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M/s. Jagdamba Impex v. Tristar Products Pvt. Ltd.

M/s. Jagdamba Impex v. Tristar Products Pvt. Ltd.;

05.05.2014; FAO 128 and 129 of 2014 before the Delhi High Court


Plaintiff developed a teeth cutting machine. The machine was based on Industrial Drawing and the Plaintiff was the owner of the said artistic work.

The Plaintiff was making commercial use of the said drawings by making a three dimensional machine which was being used to manufacture combs since 2009.

Defendant was using an identical machine, for manufacturing and selling combs.

The District Court allowed the application of the Plaintiff for interim injunction holding Plaintiff’s drawings of the machine and it’s components having Copyright. Against the said order the Defendant had filed the present appeal before the Delhi High Court.

The Court allowed the appeal by relying on the definitions of ‘Design’ and ‘artistic work’ as well as Section 15 of the Copyright Act, 1957.

The Court observed that Copyright will ceases as soon as article is produced more than 50 times by an industrial process by application of the drawing.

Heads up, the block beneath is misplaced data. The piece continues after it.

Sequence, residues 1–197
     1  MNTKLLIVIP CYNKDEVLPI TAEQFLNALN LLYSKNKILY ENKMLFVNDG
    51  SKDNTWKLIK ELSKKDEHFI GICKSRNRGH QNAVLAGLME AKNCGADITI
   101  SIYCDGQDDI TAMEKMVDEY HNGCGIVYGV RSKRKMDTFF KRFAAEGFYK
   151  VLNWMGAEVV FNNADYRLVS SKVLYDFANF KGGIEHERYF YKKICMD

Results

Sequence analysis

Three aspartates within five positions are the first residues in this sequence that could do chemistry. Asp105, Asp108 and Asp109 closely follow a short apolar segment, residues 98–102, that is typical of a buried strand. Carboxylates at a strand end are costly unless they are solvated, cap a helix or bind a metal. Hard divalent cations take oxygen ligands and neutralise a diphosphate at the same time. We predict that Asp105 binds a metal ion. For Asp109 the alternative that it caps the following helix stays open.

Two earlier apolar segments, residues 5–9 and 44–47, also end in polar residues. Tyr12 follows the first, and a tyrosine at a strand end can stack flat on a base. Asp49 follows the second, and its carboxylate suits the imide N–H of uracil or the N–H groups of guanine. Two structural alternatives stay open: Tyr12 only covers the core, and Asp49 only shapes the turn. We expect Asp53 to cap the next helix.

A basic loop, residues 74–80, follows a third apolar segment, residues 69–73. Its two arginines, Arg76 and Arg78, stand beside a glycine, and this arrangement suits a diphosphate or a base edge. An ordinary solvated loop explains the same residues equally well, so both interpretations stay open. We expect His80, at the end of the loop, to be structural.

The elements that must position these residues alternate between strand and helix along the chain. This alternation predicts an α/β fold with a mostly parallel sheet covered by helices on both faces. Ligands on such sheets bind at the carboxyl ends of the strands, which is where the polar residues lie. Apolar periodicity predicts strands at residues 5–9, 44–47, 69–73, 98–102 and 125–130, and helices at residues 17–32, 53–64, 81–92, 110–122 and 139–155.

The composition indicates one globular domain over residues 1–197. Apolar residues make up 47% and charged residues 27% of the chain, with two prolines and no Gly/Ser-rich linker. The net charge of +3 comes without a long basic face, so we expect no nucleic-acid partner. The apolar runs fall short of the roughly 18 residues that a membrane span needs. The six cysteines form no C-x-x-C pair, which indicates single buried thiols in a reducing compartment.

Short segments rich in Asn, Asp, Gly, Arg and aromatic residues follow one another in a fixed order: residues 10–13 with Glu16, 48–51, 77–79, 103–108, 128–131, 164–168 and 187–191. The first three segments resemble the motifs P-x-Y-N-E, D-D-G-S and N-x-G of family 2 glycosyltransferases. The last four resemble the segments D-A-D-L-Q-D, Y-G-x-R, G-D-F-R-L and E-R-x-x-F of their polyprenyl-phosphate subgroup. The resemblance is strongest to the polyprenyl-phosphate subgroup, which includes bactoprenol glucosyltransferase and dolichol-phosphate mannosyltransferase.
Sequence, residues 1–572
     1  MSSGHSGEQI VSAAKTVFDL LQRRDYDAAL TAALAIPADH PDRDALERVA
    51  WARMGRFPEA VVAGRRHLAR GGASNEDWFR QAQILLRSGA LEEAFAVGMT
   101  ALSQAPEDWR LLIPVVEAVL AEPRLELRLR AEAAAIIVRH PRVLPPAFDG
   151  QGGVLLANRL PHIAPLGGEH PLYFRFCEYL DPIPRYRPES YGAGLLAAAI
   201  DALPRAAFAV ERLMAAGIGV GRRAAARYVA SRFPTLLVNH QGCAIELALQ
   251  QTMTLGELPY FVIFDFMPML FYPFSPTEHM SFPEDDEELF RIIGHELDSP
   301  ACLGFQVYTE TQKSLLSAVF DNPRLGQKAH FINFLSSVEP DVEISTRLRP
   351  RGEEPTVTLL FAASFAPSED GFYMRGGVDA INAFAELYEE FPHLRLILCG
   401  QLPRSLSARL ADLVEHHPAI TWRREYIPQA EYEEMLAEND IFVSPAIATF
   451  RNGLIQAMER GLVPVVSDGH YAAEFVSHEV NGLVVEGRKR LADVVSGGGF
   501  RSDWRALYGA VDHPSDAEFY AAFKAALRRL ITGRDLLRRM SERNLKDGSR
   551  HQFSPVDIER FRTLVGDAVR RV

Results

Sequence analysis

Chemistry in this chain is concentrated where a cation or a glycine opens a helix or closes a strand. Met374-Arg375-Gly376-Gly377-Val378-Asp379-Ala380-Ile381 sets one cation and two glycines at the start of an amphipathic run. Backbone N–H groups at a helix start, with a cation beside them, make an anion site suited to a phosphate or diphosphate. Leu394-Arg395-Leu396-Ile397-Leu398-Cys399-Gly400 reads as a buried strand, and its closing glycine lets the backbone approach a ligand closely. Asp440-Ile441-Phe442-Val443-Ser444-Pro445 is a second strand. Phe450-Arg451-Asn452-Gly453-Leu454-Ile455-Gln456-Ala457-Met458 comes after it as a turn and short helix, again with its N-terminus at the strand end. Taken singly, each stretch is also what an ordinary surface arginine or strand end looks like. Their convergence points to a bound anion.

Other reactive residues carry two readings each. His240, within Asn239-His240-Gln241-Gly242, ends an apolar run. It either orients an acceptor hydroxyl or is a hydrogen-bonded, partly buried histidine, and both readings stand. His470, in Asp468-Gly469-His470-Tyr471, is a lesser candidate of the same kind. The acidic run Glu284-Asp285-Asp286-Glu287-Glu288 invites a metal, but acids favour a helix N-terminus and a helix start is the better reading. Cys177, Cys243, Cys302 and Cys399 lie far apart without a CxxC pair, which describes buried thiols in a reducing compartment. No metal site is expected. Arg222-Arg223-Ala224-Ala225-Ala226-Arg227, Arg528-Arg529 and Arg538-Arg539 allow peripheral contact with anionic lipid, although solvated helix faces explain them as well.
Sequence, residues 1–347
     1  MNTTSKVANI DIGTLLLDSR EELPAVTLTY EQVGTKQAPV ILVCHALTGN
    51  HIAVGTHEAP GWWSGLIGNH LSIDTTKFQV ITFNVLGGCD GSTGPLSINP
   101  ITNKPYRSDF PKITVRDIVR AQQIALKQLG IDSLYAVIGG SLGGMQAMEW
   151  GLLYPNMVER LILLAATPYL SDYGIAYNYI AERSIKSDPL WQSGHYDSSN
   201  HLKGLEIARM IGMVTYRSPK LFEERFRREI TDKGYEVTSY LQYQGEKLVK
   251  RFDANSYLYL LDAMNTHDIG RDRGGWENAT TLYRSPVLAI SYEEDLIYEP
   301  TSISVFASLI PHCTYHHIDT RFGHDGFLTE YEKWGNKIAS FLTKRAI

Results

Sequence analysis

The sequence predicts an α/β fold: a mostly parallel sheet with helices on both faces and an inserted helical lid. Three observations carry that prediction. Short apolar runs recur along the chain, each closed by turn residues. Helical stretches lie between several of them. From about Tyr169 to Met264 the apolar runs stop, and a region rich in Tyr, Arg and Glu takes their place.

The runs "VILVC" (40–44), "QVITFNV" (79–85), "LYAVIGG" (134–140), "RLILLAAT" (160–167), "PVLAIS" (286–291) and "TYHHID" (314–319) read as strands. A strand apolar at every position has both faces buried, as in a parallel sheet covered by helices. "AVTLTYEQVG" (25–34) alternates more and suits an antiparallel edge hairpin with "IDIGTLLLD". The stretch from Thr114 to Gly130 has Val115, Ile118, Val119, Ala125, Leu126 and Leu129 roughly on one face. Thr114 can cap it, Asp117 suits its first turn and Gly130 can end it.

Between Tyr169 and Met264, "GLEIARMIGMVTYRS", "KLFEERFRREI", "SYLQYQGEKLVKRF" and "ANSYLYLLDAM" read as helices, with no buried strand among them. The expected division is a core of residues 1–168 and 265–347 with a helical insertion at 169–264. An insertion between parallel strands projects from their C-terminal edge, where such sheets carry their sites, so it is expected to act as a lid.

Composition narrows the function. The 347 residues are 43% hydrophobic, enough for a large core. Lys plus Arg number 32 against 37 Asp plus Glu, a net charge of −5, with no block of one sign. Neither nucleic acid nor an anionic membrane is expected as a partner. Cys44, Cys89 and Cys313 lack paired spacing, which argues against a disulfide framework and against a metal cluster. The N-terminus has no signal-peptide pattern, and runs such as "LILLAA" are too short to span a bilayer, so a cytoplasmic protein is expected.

The Court held that it is not disputed that more than 50 combs have been manufactured by the Respondent by applying the drawing by industrial process and consequently no rights can be claimed with respect to the drawing under the Copyright Act, 1957.

Full Text

Author’s Comments – We at Indian Case Laws, differ with the present ruling. The ruling uses/relies on the terms/expressions ‘industrial application’ of the drawings and more than 50 copies/articles, to deny the protection to the Plaintiff. This ruling does not take into account the fact that the industrial application of the drawings means that the three dimensional article (the machine) from the drawings has to be reproduced more then 50 times and not the resultant product, i.e. combs. If the Plaintiff would have had 51 machines, then the present approach is correct as the protection is sought on the drawings of the machine and not on the drawing/design of combs. As per our opinion, the judgment is liable to be set aside.

A Clear reading of Section 15(2) of the Copyright Act, 1957 makes it clear that the article to which the design is applied has to be reproduced more than 50 times so as to be ousted from Copyright protection. The machine has nor been produced more then 50 times but still the Court has denied any protection. This is like Irrfan Khan’s ‘Mano Ya Na Mano’.

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